"The Best of Both Worlds" (Parts 1/2) and "The Measure of a Man" are included on the "Best Of" for "The Next Generation", as well as "Yesterday's Enterprise", an excellent time-travel episode that has a rift in the space-time continuum brings the Enterprise-C 22 years into the future, where it encounters the Enterprise-D, now at war with the Klingons. Well-acted and smartly written, this exciting episode is one of the best from season 3.
Both of these "Best Of" volumes (with four episodes each) are available separately.
VIDEO: "The Next Generation" episodes are presented in their 1.33:1 full-frame broadcast aspect ratio. Sharpness and detail are quite pleasing; while a few minor instances of softness are seen, the picture is otherwise crisp and detailed.
Edge enhancement did not appear on this release, but there were still a few little rough edges - a tiny speck here, some slight grain there and a trace or two of pixelation. Yet, none of these flaws really caused much concern and only appeared very briefly. Colors also were vibrant on this release, appearing consistently well-saturated, with no softness or smearing. Black level was also solid, while flesh tones looked accurate and natural.
The "Star Trek" episodes are presented here in 1.33:1 full-frame by Paramount Home Entertainment. Taken from the original camera negative, these presentations are impressive and certainly a leap over the prior release. Sharpness and detail aren't extraordinary, but impressive for the era.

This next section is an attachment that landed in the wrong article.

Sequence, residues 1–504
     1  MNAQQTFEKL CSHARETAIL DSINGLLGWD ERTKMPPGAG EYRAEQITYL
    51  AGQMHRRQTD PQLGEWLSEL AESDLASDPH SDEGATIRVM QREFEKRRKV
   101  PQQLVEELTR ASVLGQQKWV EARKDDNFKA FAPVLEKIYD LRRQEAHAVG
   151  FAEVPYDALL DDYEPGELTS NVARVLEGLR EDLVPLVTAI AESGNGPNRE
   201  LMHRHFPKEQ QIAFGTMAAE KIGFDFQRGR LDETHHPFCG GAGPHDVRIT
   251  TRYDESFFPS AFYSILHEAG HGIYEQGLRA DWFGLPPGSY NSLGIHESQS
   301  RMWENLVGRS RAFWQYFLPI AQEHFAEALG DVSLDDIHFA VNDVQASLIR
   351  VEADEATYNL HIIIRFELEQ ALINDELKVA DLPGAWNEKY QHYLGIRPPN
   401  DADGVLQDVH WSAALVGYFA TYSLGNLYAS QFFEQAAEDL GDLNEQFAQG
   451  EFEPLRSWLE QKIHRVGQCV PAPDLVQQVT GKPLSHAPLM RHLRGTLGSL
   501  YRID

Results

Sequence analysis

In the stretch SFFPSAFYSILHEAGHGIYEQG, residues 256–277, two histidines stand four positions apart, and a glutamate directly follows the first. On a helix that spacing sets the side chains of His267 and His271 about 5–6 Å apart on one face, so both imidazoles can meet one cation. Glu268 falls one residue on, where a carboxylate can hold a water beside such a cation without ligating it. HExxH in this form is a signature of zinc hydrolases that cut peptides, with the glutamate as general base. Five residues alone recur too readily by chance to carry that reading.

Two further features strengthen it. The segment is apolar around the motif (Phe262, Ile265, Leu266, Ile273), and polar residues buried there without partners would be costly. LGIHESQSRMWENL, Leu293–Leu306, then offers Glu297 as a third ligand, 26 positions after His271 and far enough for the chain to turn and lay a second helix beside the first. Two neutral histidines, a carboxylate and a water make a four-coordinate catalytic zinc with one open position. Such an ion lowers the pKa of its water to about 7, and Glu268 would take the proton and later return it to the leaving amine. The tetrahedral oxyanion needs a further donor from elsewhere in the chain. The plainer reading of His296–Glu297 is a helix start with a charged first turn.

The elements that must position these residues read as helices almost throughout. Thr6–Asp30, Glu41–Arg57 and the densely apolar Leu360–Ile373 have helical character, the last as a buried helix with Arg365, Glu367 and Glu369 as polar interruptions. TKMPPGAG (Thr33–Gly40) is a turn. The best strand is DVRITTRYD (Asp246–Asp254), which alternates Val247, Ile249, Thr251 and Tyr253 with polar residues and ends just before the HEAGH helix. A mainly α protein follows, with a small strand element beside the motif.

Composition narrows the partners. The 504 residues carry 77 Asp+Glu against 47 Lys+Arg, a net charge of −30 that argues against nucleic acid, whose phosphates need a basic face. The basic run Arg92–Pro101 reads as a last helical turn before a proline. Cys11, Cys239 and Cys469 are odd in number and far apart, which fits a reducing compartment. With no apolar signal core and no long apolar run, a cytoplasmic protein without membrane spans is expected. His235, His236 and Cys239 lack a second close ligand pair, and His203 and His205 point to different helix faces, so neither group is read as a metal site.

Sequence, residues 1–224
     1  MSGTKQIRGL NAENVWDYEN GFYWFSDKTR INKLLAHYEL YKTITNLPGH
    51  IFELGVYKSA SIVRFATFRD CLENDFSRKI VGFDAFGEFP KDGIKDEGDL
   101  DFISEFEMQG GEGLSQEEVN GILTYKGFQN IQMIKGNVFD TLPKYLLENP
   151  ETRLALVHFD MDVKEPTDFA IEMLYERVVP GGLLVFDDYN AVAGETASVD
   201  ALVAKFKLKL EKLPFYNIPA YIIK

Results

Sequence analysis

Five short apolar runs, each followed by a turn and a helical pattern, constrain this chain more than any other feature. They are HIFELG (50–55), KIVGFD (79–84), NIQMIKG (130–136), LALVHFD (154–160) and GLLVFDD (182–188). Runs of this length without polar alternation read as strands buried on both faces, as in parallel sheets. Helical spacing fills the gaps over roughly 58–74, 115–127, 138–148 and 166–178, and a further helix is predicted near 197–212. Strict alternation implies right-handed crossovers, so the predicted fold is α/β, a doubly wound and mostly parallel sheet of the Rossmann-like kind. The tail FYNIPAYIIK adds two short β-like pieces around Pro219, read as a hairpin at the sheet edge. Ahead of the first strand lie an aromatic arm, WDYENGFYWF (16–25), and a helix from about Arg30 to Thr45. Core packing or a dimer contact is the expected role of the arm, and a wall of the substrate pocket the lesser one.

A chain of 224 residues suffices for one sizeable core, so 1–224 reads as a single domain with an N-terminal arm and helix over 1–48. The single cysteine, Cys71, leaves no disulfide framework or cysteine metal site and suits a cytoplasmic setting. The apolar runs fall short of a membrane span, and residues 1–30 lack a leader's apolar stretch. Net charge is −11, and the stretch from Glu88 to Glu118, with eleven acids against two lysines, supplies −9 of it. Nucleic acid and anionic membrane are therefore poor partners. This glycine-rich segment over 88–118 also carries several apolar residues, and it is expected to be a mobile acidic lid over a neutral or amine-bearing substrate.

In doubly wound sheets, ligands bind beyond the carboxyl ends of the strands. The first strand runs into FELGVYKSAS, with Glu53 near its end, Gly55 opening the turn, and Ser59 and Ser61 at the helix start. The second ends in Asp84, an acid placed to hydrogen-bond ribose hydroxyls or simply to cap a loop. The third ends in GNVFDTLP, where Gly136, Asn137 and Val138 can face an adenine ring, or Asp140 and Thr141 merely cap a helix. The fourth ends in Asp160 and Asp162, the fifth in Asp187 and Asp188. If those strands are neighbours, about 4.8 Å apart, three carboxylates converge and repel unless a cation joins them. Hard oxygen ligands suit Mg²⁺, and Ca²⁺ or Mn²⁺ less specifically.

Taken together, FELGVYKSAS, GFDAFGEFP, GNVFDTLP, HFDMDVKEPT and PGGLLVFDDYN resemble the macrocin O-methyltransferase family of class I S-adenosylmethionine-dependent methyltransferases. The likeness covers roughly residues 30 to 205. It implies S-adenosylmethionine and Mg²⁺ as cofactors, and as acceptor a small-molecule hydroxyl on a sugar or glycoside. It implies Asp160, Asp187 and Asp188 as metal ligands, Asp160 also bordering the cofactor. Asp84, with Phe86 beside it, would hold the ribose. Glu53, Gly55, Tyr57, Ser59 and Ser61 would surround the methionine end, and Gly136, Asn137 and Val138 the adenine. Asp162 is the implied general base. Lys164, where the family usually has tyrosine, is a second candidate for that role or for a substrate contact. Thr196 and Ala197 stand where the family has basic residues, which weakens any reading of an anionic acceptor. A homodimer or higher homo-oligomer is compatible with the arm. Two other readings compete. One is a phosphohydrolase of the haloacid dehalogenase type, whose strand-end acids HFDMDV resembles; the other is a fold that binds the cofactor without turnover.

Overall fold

While there were a couple of minor specks seen at times throughout the episodes, I was pleasantly surprised at how crisp and clean the show looked here. While some minor grain was seen at times, it is likely an element of the original cinematography and actually adds to the show's "film-like" look here. The color palette also looked somewhat richer and fresher here than ever before. While not without a few minor issues, I thought the show looked wonderful on this release.
SOUND: As with the prior "Next Generation" releases, Paramount has remastered the show's shoundtracks in Dolby Digital 5.1. While certainly not hugely active presentations, the ship flyovers and other sound effects are smoothly offered by the surrounds. While the audio didn't show the level of improvement that the video quality did, the soundtracks for these episodes did seem fuller and more dynamic than those for the releases of the prior seasons. Dialogue, sound effects and music remained crisp and clear, while solid low bass was also occasionally present.
The episodes of the original series are presented in Dolby Digital 5.1. The sound quality is generally very good, considering these are repurposed soundtracks of a show that's over thirty years old. The audio was mainly focused from the front channels, although there were certainly some moments where the surrounds kicked into gear with sounds of the Enterprise, some various sound effects or other ambience.
While the amount of activity was pleasing, considering the show's age, also very enjoyable was the audio quality. While these soundtracks definitely don't sound like more recent audio productions, the show did sound quite good. Some minor distortion was heard at times, but dialogue, music and sound effects were largely crisp and clear.
Final Thoughts: Fans who own the season sets for both shows already have these episodes. These "best of" sets are a fine sampling of both shows for those new to both shows who want to see some of the best each "Trek" series had to offer. Again, these would not be necessary for those who already have the season sets.